I am developing an application which integrates ROS2 galactic and NDI SDK to publish a video feed from a camera in a simulator (UE4) onto a ROS2 image topic. The simulator (UE4) is continuously streaming the camera at 30Hz, and my application is simply receiving a frame at maximum 20Hz. This is achieved by subscribing to a topic which publishes at a given Hz, triggering a callback function in my application to get a video frame. The data from the frame is then passed onto a sensor_msgs::img::Image, and then published as a topic.
When testing the application, I’m using an image display in rviz2 to visualize the published Image. This works as intended, but I’m experiencing very slight lags when looking at the published video.
ros2 topic hz $TRIGGER_APPLICATION displays 20Hz at a steady rate.
ros2 topic hz $SIMULATOR_IMAGE displays 11.0Hz - 13.6Hz. Additionally,
ros2 topic bw $SIMULATOR_IMAGE displays a constant message size of
8.29 MB, which is exactly the amount of allocated memory used to store an Image (1920 * 1080 * 4).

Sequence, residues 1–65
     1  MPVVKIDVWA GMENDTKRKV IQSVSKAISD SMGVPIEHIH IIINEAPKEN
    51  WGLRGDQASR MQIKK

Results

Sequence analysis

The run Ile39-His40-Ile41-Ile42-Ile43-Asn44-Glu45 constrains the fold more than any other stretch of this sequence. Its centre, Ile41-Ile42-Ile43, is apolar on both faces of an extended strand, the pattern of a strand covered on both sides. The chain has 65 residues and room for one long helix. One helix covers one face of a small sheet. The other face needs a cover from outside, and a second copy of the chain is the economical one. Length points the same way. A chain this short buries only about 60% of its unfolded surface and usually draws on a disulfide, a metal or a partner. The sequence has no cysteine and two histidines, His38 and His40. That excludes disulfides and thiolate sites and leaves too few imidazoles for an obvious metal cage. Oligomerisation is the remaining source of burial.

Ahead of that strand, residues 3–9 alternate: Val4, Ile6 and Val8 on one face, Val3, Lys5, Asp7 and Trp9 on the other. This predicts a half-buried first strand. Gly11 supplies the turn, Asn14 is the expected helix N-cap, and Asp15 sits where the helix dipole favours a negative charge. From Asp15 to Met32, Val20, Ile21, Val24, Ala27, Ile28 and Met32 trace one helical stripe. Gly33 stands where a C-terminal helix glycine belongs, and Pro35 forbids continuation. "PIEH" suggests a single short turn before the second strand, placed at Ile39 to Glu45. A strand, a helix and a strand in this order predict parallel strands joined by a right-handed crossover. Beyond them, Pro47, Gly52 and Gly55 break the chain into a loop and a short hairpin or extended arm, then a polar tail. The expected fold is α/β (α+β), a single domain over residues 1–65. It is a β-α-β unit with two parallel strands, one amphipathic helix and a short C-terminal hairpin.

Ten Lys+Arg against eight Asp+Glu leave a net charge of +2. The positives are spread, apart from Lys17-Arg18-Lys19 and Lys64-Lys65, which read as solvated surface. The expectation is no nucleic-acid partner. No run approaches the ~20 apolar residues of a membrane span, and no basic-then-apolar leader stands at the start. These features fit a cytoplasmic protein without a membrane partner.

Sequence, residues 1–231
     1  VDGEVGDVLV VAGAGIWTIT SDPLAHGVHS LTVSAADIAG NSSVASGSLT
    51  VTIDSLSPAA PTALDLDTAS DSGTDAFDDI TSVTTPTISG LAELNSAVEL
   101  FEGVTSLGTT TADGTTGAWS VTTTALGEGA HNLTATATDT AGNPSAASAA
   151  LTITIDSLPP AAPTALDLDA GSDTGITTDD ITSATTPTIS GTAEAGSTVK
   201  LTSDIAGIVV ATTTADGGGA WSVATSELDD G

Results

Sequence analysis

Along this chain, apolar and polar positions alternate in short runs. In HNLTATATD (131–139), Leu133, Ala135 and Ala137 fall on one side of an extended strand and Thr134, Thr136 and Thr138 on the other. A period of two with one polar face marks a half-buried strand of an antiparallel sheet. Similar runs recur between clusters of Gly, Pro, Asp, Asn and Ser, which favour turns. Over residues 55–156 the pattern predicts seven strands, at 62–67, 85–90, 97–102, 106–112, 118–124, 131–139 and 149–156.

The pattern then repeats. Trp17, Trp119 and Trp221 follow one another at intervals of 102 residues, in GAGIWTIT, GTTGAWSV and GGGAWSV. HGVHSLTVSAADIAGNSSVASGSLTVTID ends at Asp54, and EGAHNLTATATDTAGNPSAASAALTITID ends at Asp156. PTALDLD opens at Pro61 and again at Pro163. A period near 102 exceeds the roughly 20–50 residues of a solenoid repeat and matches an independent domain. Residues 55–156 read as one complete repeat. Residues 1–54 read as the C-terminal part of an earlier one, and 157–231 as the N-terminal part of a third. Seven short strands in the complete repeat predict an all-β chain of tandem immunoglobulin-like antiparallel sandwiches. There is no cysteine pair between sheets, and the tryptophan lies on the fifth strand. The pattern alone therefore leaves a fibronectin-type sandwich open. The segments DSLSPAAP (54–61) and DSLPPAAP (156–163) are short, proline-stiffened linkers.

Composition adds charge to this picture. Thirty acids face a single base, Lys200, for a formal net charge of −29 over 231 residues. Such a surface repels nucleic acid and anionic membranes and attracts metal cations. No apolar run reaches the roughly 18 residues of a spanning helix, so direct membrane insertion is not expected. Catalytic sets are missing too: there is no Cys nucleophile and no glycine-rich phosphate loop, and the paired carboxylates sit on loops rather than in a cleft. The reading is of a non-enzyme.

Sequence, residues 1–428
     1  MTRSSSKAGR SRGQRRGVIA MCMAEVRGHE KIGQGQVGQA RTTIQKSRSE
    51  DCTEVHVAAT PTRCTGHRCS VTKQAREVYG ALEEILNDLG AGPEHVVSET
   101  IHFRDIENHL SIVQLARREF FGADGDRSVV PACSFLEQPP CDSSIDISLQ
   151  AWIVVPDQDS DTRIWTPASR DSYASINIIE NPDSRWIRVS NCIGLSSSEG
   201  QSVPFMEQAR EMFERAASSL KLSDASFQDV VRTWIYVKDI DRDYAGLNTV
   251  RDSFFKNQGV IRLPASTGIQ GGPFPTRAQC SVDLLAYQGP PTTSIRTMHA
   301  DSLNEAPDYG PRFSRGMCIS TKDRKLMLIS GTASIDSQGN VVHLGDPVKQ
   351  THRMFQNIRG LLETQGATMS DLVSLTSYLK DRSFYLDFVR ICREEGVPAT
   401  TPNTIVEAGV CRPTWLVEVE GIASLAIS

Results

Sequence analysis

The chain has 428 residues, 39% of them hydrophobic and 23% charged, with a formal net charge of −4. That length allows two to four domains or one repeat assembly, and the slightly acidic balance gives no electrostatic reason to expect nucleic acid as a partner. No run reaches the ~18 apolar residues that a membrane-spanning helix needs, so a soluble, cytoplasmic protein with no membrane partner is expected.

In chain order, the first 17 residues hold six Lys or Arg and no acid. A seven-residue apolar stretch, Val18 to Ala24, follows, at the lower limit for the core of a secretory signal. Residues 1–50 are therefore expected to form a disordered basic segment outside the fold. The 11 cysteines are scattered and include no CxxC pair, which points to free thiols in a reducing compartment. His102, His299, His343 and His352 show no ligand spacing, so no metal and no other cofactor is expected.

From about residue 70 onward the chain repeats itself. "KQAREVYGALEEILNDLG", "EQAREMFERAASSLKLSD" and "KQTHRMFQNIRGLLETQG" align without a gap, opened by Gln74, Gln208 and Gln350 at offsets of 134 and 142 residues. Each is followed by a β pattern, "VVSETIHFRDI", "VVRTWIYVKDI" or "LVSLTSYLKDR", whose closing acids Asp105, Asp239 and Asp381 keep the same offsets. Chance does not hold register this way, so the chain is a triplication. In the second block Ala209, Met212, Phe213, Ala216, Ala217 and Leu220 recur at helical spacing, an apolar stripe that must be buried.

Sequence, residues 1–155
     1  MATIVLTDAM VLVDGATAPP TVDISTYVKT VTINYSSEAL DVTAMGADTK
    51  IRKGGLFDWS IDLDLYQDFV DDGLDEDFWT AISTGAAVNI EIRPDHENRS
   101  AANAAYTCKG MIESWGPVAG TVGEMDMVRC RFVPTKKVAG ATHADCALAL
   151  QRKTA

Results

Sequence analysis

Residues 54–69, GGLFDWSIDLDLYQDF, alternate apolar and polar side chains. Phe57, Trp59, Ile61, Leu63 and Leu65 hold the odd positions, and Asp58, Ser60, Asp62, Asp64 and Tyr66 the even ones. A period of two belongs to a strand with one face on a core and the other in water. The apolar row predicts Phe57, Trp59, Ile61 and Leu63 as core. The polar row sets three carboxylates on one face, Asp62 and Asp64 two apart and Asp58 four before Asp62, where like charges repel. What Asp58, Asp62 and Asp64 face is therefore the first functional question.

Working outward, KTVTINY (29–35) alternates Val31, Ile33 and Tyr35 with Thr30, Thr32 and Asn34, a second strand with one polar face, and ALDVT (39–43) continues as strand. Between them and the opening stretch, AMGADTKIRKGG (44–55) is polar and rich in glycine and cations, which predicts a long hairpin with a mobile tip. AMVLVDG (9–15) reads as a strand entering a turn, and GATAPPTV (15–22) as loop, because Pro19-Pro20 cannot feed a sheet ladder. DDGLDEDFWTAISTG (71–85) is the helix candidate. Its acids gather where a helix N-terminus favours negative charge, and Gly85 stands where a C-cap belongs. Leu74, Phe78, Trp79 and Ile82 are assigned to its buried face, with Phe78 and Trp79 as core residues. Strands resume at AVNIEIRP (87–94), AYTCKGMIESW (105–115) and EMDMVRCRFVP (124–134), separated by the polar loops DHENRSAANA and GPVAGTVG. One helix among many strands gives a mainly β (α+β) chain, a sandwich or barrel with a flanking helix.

However, when executing
ros2 topic hz $SIMULATOR_IMAGE OR
ros2 topic bw $SIMULATOR_IMAGE, my network traffic spikes, reaching ~800 Mb/s, bringing down the office network.
Note that the message size I’m publishing from my application is still
I have ran manual profiling tests, where I can verify that NDI is working as intended, not causing delays and/or resource problems.
I have read up on https://discourse.ros.org/t/ros2-galactic-dds-problems/25654 and https://discourse.ros.org/t/unconfigured-dds-considered-harmful-to-networks/25689, which describes the issue I’m having - only that I’m experiencing network shutdown when running ros2 topic commands on one specific topic, and a varying display rate when expecting a stable one.
I also want to add that my application manages to fetch the video frame and publish the message very quickly, and should be more than able to publish at >= 20Hz. The issue seems to be somewhere on the ROS2-side of things, which is why I’m reaching out to the forum. I am guessing it has something to do with multicasting, however networking is a thorn in my side, and I want to assume as little as possible